Has Europe Really Turned The Corner?
Lately a growing number of indicators have suggested that the European economy might be out of the woods, heading towards a more robust recovery. For instance, while European inflation remains significantly below the ECB’s inflation target of close to but below 2%, it is worth highlighting that the year-on-year headline rate has in fact doubled from 0.7% in October 2019 to 1.4% in January 2020. Even the manufacturing PMI for the euro area, one of the biggest causes of worry to European investors throughout 2018, seems to have bottomed out in September 2019 and is now back on a mild upward trajectory. Sentiment amongst European investors has also improved considerably. Take, for example, the Sentix economic index for the euro area—a gauge for investor confidence—which has sharply rebounded from its October 2019 low-point, climbing in January 2020 to its highest level since November 2018.
The key question is, of course, whether Europe has genuinely turned the corner or not. I’d argue that it is way too early to give the all-clear signal. First of all, despite the recent green shoots, economic growth in Europe remains anaemic and fragile. In fact, Q4 2019 marks with only 0.1% real GDP growth the weakest quarter in the euro area since Q1 2013. The economies of France (-0.1%) and Italy (-0.3%) outright contracted. In addition, recession risks around Germany have resurfaced with a vengeance. On a year-on-year basis, German industrial production dropped by 6.8% in December 2019, the strongest decline since the global financial crisis. So, things may well get worse before they get better in Europe.
Furthermore, there are several material tail risks lingering in the background that could further darken the outlook for the euro area.
Coronavirus: It is of course too early predict the full magnitude of the economic impact of the coronavirus outbreak on China—and, by extension, on global growth dynamics—with any reasonable degree of confidence. If however the situation does take a turn for the worse, European GDP growth would most certainly take a hit. Chinese demand for European product may falter and global supply chains could get disrupted. Apart from the economic drag, any further escalation of the coronavirus situation could also trigger distress in global markets through a retrenchment of risk appetite, as the Federal Reserve Board pointed out in their latest Monetary Policy Report.
Trade wars: Although both the US and China struck a more constructive tone—in fact, China announced to halve tariffs on more than 1,700 US products last week—the tail risk of a sudden deterioration or breakdown of talks remains. Even if the US / China trade disputes get conclusively resolved, it is entirely possible that the focus of the Trump administration would swiftly shift to Europe. It is an election year in the US after all and protectionist measures are popular policies amongst a not insignificant part of the electorate.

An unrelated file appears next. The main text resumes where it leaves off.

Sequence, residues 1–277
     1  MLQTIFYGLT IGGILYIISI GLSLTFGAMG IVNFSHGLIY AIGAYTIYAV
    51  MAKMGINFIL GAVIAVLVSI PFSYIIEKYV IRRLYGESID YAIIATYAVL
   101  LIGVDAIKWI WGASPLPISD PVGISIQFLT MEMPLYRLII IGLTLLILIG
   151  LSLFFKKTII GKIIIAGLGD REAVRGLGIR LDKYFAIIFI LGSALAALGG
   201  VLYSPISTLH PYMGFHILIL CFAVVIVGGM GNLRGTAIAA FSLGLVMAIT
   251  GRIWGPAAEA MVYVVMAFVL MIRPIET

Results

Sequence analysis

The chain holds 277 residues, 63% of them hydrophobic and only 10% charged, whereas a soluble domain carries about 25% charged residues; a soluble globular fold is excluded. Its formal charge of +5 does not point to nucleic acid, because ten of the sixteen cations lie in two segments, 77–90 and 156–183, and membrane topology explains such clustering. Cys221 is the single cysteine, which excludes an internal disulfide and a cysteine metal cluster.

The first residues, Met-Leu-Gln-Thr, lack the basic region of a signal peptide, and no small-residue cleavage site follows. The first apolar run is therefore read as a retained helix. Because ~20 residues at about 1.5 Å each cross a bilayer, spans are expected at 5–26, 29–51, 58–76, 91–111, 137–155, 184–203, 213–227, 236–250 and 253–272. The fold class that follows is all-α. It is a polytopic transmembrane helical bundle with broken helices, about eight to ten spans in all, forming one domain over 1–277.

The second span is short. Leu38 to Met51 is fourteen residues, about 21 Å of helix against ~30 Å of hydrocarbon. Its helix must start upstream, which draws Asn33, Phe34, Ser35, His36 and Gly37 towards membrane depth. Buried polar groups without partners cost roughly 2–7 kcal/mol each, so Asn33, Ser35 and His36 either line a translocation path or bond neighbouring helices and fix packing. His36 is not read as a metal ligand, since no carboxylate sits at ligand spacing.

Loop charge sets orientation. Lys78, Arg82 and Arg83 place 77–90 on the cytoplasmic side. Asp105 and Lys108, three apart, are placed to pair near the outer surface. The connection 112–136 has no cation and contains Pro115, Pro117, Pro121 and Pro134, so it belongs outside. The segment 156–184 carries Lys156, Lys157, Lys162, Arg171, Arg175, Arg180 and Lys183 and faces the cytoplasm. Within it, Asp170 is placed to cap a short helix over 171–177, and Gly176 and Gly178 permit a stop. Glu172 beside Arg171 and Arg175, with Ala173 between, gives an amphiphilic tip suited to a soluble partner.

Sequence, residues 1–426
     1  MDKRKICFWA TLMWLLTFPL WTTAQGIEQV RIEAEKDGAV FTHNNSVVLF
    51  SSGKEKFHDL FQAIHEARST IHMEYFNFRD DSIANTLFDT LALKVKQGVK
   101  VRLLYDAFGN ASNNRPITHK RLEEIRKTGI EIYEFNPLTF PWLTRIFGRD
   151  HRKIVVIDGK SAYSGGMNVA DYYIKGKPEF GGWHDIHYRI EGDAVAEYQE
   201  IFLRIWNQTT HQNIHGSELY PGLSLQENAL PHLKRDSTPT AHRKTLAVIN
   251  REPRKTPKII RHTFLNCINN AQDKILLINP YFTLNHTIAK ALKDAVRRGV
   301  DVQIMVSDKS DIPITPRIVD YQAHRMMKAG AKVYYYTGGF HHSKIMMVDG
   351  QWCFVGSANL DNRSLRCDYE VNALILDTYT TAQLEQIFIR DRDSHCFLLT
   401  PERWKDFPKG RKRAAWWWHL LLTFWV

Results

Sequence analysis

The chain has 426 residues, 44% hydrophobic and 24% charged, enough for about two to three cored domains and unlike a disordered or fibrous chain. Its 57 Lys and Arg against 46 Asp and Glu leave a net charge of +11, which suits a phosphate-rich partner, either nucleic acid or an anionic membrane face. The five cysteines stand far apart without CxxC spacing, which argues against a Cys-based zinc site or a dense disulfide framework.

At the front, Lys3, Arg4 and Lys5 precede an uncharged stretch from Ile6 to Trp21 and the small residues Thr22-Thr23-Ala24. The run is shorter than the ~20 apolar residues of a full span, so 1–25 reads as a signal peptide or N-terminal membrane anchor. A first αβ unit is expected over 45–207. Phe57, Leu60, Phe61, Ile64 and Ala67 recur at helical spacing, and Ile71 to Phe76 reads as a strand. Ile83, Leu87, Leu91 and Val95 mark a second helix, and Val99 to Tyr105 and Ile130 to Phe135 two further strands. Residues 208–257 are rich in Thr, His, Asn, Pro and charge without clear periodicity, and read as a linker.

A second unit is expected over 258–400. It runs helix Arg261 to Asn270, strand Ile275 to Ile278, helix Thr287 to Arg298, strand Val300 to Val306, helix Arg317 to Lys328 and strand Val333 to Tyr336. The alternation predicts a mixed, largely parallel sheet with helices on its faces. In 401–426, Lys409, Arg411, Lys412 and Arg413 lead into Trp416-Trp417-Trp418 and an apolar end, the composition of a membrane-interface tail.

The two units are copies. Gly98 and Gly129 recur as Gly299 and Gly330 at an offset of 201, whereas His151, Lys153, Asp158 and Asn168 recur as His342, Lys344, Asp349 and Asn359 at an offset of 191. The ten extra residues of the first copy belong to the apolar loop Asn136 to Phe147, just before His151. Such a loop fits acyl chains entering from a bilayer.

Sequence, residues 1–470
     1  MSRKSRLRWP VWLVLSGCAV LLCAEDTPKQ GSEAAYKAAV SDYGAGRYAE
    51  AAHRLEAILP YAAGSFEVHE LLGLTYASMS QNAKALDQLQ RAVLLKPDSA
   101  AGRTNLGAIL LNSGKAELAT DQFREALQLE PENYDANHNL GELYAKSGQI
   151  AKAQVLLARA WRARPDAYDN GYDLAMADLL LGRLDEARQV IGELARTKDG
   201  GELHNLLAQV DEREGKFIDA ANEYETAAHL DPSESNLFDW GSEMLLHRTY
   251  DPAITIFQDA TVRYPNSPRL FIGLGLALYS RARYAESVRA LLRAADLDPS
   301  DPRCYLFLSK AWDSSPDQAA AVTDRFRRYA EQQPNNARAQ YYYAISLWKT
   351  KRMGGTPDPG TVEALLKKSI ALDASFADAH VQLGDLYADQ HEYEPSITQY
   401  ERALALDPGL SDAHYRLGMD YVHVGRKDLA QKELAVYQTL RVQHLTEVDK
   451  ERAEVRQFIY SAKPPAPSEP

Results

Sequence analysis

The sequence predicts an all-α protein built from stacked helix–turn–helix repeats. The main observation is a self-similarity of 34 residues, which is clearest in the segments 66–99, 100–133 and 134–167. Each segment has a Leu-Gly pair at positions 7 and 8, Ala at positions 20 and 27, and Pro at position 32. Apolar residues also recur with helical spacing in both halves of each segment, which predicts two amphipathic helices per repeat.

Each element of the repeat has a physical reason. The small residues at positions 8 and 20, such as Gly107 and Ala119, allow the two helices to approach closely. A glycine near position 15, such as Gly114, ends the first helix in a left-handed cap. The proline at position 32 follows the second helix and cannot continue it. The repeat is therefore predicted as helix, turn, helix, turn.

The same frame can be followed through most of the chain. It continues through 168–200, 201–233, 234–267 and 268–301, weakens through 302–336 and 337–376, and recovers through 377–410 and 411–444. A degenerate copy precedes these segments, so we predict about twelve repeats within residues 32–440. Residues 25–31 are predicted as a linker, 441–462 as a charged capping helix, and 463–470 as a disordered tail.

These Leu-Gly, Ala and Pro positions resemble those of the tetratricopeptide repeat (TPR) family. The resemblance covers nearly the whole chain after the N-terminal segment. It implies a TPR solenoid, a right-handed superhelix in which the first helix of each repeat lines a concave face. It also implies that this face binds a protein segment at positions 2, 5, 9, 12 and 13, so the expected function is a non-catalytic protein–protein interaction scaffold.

Brexit: After the UK left the European Union on 31st January 2020, the 11-month transition period has begun. The clock is ticking and, if there is no extension, only very little time remains to negotiate a comprehensive trade deal between both parties. The risk for the EU is, of course, that from 1st January 2021 onwards trade with the UK will be conducted on WTO terms, which could disrupt supply chains and damped economic activity.
Italian politics: As we have analysed in a recent blog post, even though Salvini’s Lega was defeated in the Emilia Romagna regional election, the Italian national government remains under pressure due to the rising popularity of Lega on the one side and the decline of support for the 5 Star movement on the other side of the political spectrum. A collapse of the Italian government would send shock waves through European markets and increase political uncertainty that would weigh heavily on the already ailing Italian economy.
In light of these risks—and considering the persistently weak growth data—I find the valuations of European risk assets rather astonishing. At current levels there is hardly any margin for error left. For example, iTraxx EUR 5yr, a bellwether of the European investment grade credit market, is currently trading only at around 44 basis points (bps) and the yield of 10yr Italian government bonds is a measly 130 bps above the 10yr Bund yield. Essentially, there is hardly any margin for error left as we are (almost) back to market levels last seen at the beginning of 2018. And this is what I find surprising, because back then the mood in markets was distinctly more upbeat than today, borderline euphoric. The prevailing narrative was all about global synchronised growth and European recovery. Political risks in Europe were hardly talked about. In short, market participants became complacent.
We all know what happened next in 2018. Trade wars suddenly escalated, anti-establishment parties Lega and 5 Stars chalked up large gains in the Italian election in March 2018 and global economic data took a nosedive. As a result, investor sentiment soured and markets rapidly entered a prolonged risk-off phase causing risk assets across the board to produce deeply negative annual returns. I am not suggesting that history has to repeat itself. But I can’t help feeling that markets have again gotten ahead of themselves and complacency is reigning supreme.
Sure, there is ample support from central banks, from the ECB in particular, providing favourable technicals and thus propping up asset prices. But just as a reminder, the ECB was buying assets to the tune of €30 billion a month from January to September 2018—50% more than at the moment—and markets still sold off in a meaningful manner.
I therefore believe a rather cautious stance towards European risk assets is warranted. Reducing market risk exposure and trading up in credit quality seem prudent measures to me at this point.